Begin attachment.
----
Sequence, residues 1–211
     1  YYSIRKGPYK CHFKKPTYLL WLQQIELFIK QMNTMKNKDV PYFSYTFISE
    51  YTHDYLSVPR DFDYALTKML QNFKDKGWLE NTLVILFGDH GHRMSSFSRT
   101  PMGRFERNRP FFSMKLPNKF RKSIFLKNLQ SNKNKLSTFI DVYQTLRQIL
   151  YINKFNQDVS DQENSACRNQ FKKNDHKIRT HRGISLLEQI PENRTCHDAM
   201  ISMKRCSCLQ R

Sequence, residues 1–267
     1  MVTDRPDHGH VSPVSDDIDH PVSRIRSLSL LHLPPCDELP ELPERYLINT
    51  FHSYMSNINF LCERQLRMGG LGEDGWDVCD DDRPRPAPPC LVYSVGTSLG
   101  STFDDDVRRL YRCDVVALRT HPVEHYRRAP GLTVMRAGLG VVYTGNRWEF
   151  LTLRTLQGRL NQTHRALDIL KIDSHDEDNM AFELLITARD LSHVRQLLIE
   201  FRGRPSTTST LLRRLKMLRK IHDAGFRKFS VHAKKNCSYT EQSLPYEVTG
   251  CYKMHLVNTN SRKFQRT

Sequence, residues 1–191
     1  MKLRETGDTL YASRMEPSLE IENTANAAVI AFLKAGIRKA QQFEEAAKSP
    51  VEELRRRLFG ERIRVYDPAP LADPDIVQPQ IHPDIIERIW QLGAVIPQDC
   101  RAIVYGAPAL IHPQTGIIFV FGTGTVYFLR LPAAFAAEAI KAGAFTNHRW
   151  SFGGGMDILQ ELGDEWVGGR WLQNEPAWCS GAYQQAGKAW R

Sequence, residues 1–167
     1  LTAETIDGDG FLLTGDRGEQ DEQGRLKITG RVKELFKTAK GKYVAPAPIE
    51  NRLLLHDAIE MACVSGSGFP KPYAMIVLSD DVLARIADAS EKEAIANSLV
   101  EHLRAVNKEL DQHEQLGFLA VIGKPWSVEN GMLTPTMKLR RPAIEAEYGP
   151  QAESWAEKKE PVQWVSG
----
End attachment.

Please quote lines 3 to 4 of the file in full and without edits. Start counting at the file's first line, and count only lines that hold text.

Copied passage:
    51  YTHDYLSVPR DFDYALTKML QNFKDKGWLE NTLVILFGDH GHRMSSFSRT
   101  PMGRFERNRP FFSMKLPNKF RKSIFLKNLQ SNKNKLSTFI DVYQTLRQIL